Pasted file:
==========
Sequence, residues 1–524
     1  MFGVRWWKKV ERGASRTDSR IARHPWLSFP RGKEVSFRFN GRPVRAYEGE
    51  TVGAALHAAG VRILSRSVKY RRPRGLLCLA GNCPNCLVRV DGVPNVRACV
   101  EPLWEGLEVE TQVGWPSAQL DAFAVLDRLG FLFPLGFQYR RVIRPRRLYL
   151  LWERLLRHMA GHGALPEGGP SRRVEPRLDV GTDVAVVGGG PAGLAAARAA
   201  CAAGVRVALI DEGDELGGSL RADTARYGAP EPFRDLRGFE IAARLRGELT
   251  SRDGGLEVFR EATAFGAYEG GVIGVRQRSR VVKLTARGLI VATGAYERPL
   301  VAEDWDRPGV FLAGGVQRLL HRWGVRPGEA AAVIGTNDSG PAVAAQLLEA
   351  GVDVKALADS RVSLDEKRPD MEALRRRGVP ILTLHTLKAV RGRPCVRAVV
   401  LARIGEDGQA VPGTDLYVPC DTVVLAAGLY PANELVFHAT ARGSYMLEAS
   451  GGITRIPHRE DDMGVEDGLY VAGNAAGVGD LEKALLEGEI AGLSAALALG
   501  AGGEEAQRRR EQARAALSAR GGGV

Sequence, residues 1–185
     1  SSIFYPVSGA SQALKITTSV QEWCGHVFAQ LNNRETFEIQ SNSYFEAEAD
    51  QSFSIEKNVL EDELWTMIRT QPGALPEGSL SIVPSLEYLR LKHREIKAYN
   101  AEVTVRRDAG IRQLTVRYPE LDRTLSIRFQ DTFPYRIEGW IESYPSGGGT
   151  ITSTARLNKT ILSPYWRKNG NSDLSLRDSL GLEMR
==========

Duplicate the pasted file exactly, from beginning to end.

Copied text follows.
Sequence, residues 1–524
     1  MFGVRWWKKV ERGASRTDSR IARHPWLSFP RGKEVSFRFN GRPVRAYEGE
    51  TVGAALHAAG VRILSRSVKY RRPRGLLCLA GNCPNCLVRV DGVPNVRACV
   101  EPLWEGLEVE TQVGWPSAQL DAFAVLDRLG FLFPLGFQYR RVIRPRRLYL
   151  LWERLLRHMA GHGALPEGGP SRRVEPRLDV GTDVAVVGGG PAGLAAARAA
   201  CAAGVRVALI DEGDELGGSL RADTARYGAP EPFRDLRGFE IAARLRGELT
   251  SRDGGLEVFR EATAFGAYEG GVIGVRQRSR VVKLTARGLI VATGAYERPL
   301  VAEDWDRPGV FLAGGVQRLL HRWGVRPGEA AAVIGTNDSG PAVAAQLLEA
   351  GVDVKALADS RVSLDEKRPD MEALRRRGVP ILTLHTLKAV RGRPCVRAVV
   401  LARIGEDGQA VPGTDLYVPC DTVVLAAGLY PANELVFHAT ARGSYMLEAS
   451  GGITRIPHRE DDMGVEDGLY VAGNAAGVGD LEKALLEGEI AGLSAALALG
   501  AGGEEAQRRR EQARAALSAR GGGV

Sequence, residues 1–185
     1  SSIFYPVSGA SQALKITTSV QEWCGHVFAQ LNNRETFEIQ SNSYFEAEAD
    51  QSFSIEKNVL EDELWTMIRT QPGALPEGSL SIVPSLEYLR LKHREIKAYN
   101  AEVTVRRDAG IRQLTVRYPE LDRTLSIRFQ DTFPYRIEGW IESYPSGGGT
   151  ITSTARLNKT ILSPYWRKNG NSDLSLRDSL GLEMR